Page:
September 27, 2001

The antidote to terrorism: Fox's 'who wants to be a princess?' (who wants to go to a party that 'only the aristocracy and celebrities can attend' and get a 40,000 dollah necklace?).

The analogy to Pearl Harbor is particularly apt. In a foreign policy course in college, studied Pearl harbor extensively. In fact, there were a variety of warnings. Our choice to recive and portray an 'unexpected sneak attack' was a political/policy decision.

Followed blog links to Salon's topical articles on 'terror sex' and the return-in-time-of-crisis-ex... According to Salon, everyone’s having “apocalypse sex”. I can’t get “overdue library book” snogging. Everyone’s being called by concerned exes; I did not get called by any exlovers but my landlord has called 4 times for the rent.

“Sins of the father visited on the son”
“Hey dad, can I have the keys to the country? Oops I totaled the country” symbolism of Bush in power.
Perhaps Monica Lewinsky’s was the blowjob that ended the world (backlash against gore, bush in power. Total war)

The world's attention has moved on. Blogs, even those recommended by 'blogs I trust' spout or link smug left-wing rhetoric on intelligence (or lack therof), tolerence (ditto), warfare (one man's terrorist is another man's freedom fighter). Meanwhile, we suffer from sick-city syndrome. I fully expect this illness to be 'discovered' and defined by investigative journalists to-come. Wanting to encourage business-and-tourism-as-usual, toxic levels of molten plastics, solvents, asbestos, and organic corruption are dismissed by government p.r. as 'acceptable'; several million New Yorkers develop symptoms from autoimmune disorders to chronic asthma, birth defects shoe in the 'terror sex' baby boom (Salon sez: 'best sex I ever had; we fucked as if it were the end of the world. to U2 as well'). Last night was my first foray from the gravitational vortex of ground hero or whatever the fuck. I did a soundscape to accompany Heather Woodbury's performance, Track 9 of 12. She did a fantastic job of incorporating 'the thing' without restructuring her entire narrative around it. I'd not read the script, there was no run-through, but it seemed to work. 103rd St, El Tailler Latinamericano. Took the subway home, doors open on the second avenue F-stop and the acrid, humid, rotting smell is so strong. I tell myself it's just the subway, the way it traps heat and humidity and odor along the tunnels with no ventilation. But the odor increases as I climb the stairs, and then I am home, or blocks away and my eyes sting and I want to retch. Is this what I've becomed accustomed to? Was 103rd St., Broadway, traffic city, Manhattan, the freshest air I've breathed in two weeks? The unsaid about the cloud. What they say in those invariably blue-collar communities where smoldering mines or tire piles have become the defining odor, the accepted. What they said in the communities of honest burghers during wwII: "we didn't know anything about the camps. but there was this sweet burning odor."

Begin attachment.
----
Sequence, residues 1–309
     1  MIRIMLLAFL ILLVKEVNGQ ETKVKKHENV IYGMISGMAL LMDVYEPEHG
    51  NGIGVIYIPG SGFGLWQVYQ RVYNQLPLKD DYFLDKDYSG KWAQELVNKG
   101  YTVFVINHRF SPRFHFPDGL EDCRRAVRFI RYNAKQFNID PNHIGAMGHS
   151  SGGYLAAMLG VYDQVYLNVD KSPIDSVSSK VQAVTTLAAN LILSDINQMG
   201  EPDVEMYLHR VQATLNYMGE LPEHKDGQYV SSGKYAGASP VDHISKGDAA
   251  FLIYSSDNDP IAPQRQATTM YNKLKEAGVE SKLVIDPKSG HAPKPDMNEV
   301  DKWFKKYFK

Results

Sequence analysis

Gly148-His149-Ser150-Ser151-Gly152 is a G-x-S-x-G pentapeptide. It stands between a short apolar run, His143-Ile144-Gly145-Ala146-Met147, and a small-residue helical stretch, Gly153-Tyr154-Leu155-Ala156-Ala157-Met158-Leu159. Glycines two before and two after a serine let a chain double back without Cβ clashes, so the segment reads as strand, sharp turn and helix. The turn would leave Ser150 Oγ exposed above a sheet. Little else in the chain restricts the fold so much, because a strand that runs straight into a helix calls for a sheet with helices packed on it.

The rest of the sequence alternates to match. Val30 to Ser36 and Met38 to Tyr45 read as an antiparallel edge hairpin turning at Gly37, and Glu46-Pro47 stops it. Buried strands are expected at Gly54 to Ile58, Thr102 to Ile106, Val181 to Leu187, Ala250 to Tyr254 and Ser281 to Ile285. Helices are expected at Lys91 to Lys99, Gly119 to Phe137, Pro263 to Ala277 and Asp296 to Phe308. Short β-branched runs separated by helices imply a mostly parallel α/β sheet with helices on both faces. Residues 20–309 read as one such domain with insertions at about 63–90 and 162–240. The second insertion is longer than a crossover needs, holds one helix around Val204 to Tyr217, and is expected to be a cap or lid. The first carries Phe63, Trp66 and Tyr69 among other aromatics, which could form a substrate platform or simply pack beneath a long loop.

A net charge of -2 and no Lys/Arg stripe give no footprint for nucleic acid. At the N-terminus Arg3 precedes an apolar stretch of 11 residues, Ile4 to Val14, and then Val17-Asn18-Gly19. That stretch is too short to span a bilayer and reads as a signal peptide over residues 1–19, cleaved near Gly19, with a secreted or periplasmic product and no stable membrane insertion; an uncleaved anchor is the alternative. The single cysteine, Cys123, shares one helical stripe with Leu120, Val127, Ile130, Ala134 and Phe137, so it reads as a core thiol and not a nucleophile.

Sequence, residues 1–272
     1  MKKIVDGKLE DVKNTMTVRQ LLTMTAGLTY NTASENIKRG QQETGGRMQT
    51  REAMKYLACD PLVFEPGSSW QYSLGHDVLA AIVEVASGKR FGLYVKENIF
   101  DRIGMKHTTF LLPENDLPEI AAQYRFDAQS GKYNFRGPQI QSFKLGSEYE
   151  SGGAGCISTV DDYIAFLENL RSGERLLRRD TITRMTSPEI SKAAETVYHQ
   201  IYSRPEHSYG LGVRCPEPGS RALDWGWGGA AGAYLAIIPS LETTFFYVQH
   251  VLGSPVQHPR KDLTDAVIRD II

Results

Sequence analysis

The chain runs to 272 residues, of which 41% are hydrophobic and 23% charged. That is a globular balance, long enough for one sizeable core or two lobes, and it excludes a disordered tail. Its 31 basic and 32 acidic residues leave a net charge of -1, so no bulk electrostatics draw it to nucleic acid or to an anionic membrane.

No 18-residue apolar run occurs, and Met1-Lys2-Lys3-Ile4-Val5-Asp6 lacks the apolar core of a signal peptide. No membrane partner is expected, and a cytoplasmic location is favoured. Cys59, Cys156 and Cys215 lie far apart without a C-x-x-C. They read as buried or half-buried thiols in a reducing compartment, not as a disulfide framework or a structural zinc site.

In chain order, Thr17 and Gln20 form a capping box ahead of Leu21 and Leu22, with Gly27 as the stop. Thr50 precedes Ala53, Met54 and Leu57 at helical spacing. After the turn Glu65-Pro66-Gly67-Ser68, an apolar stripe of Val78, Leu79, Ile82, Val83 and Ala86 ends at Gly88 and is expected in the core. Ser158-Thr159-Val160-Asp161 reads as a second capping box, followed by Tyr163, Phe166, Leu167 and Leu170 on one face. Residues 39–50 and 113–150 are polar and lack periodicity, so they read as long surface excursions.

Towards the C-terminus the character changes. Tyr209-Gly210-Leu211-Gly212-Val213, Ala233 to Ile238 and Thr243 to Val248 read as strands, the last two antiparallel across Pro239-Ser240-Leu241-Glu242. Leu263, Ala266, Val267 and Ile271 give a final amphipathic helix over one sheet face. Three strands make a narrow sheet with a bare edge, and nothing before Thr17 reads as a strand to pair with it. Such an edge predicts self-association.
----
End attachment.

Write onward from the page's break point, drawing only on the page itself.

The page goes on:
Toxi-city; sick-city syndrome. Rat poison, mosquito spraying, the cloud. Just shut up and eat your sushi.
listen to/watch the national media for the 'inside the mind of bin laden' special. See eggheads who've 'lived with the northern alliance rebels' opine. Take a gander at airport security. Now walk a block and a half to the candle and flower-outlined chalk memorial at Thompkins Square. Take the subway at rush hour, and in the Times Square station, one of the most push-and-shove of rush rush-places, crowds of shock-still witnesses to the mural of 'missing' flyers on tile walls. Even just around the corner, a score of flowers and candles. The police leave this encumbrance to pedestrian traffic; passersby respect the one or two silent candle-lighters with heads bowed.

The news machine has moved on to retaliation and security; we are a city in a pall. You can't know, you shouldn't know; may you never know. Let you who cast the first generality have tasted not of specificity, which admits no abstraction and does not ease.

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